I like my small town. At rush hour it’s 12 minutes from home to work: I timed it. It has an indie bookstore and wonderful cafes. Because I am not living in Auckland I am escaping the worst lockdowns, and there’s still a sense of a semi-normal life. I finally got my COVID vaccine shots in July 2021, which was right before our Delta outbreak in August.


In 2020 I released two books, and although I haven’t released one yet in 2021 I do hope to have one out in the next 6 months. The words still tick over slowly.


In 2019 I also wrote:


The five-year survival rate – i.e. till 2023 – is 36%, which isn’t negligible. There’s definitely a good chance I will make that.


I have a great chance. I’ll see you back here on 20 March 2023.

Strongly recommending this documentary on the attempted 2021 US right-wing insurrection

Hi friends. NightDocs on YouTube has curated a 90 minute documentary on the attempted coup at the US Capitol Jan 6, 2021, made entirely of live YouTube/Instagram/FB live/news footage, showing a “minute-by-minute accounting of the events leading up to and on January 6, 2021 when Trump supporters stormed the US Capitol in an attempt to stop the counting of the electoral votes cast by the states to certify Joe Biden as the next president of the United States.” YouTube has made this video age-restricted, non-searchable, and non-sharable. which is a crying shame, at it’s excellent.

Video cannot be embedded due to those sharing restrictions, but if you click on the “Watch on YouTube” link below it will take you to the site to see it. Watch and share. NightDocs states “this video is not intended to be political commentary, rather it is meant to lay out a factual accounting of the important events of the day.” Time codes for key events are in the description.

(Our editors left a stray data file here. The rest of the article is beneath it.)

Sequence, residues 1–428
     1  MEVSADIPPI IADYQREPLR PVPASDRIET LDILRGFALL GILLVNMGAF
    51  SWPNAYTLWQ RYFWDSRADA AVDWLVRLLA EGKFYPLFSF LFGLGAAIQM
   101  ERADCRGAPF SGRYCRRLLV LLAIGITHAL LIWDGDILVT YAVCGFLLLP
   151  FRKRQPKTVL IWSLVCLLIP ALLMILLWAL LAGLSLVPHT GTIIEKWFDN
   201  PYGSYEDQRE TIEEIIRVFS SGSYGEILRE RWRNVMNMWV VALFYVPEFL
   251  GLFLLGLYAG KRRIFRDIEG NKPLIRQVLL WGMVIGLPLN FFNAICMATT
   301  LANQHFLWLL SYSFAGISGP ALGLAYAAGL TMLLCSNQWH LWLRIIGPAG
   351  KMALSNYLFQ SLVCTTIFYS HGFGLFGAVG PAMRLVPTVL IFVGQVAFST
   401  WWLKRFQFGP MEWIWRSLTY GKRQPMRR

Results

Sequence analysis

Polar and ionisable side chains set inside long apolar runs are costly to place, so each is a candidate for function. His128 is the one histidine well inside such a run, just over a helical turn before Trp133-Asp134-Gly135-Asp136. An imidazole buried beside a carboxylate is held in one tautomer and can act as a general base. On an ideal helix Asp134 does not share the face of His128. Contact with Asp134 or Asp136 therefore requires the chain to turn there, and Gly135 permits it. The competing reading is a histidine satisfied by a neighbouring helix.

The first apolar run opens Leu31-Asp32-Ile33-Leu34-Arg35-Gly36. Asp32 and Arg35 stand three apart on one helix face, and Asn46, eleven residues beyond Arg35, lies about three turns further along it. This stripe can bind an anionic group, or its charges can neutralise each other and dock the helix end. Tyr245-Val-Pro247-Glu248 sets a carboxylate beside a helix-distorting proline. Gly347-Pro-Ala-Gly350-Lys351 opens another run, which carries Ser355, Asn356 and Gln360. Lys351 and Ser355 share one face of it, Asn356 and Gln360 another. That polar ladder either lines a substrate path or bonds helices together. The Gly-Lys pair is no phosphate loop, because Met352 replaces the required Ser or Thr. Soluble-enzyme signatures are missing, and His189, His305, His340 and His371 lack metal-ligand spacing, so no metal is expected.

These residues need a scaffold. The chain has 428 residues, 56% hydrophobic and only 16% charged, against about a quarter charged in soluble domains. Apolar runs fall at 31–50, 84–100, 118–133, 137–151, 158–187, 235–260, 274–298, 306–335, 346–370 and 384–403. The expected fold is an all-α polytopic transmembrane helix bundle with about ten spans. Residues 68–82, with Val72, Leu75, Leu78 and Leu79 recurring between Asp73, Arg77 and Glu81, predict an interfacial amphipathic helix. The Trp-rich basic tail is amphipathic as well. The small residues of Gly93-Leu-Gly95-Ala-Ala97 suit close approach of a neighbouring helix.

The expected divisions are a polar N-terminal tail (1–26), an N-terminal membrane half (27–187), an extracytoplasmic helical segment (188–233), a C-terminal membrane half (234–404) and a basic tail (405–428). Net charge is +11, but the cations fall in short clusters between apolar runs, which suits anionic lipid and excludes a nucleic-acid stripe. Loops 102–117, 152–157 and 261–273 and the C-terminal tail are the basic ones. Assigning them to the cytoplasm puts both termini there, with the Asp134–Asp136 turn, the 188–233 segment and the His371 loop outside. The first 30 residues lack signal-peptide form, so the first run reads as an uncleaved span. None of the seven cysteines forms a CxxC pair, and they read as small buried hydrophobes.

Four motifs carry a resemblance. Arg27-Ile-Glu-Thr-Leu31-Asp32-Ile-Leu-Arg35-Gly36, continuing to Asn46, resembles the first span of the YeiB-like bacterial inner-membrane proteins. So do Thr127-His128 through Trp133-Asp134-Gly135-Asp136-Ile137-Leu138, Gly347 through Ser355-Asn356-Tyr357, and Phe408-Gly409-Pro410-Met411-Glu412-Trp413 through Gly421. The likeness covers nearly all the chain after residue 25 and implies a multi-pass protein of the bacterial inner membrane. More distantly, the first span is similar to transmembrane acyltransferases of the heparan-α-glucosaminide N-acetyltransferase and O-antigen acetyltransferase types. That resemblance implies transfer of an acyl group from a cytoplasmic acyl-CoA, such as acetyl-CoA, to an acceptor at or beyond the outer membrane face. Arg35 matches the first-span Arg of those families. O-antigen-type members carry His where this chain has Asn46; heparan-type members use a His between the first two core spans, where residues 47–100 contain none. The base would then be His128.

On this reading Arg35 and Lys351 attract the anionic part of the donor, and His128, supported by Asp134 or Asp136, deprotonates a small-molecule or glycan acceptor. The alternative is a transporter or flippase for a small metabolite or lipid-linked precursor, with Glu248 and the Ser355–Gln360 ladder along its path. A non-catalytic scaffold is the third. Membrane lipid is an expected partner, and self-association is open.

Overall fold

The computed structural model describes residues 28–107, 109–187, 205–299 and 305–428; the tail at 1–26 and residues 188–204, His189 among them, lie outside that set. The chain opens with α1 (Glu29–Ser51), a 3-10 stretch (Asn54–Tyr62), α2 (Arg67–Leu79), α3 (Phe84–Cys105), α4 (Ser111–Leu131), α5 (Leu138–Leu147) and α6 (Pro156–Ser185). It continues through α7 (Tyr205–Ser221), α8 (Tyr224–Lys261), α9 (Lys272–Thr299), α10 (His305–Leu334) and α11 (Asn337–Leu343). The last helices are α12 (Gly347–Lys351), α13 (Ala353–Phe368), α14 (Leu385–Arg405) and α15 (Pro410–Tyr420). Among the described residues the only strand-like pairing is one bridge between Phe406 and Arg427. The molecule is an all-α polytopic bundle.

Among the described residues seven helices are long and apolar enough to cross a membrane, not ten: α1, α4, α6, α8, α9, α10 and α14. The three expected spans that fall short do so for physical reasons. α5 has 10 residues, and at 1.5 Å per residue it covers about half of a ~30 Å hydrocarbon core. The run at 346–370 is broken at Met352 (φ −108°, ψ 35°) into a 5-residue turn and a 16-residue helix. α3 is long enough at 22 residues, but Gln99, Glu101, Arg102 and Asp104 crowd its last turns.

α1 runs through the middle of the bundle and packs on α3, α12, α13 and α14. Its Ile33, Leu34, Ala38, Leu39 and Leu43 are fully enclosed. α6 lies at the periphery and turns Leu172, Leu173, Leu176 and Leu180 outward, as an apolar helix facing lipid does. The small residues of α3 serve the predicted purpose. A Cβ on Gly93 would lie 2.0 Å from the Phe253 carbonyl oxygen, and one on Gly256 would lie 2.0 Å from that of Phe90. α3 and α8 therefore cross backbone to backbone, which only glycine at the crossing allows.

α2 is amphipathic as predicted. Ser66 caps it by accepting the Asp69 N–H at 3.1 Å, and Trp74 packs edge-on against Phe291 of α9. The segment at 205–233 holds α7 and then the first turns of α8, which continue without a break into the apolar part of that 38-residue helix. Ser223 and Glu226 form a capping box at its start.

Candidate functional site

PS This is totally how the setting for The Arroyo starts.

New release: Savior

Garrett

The second I see Colt I know he’s the boy for me.

But Colt’s shipped in to be Sponsored by Hank Fisher, the local Company rep. Five years with Hank and Colt will make contacts, learn how the Company works, and more importantly, pay off his debts so he can live free. Stars, I want Colt for mine, but I can’t offer him what Hank can. I’m no-one.

I run Caffeine Savior, a coffee shop on Demeter, an icy rock in the Carina Constellation, serving indie miners and gas rig workers escaping the close confines of their two-month shifts, with millions burning a hole in their cred chips.

Once I see Colt, I know I’ll wait for him, no matter how long it takes. But when Hank proves himself unworthy of Colt, I have to step in. Colt needs to be treasured and kept safe, no matter what it takes.

Savior is a 33,000 word m/m romance novella with insta-love, very mild hurt and a whole lot of comfort, hand-feeding, and coffee. You can buy Savior here or read it on Kindle Unlimited.

***

Caffeine Savior. That’s what started it.

Over lockdown I missed my local coffee shop the most. I’m an introvert, and I work 4pm to midnight, so I don’t have a big night-time social life, and I don’t like shopping in physical stores, and I don’t play sport, and I don’t have many friends here to miss seeing. What I did miss was going to the coffee shop each day to write.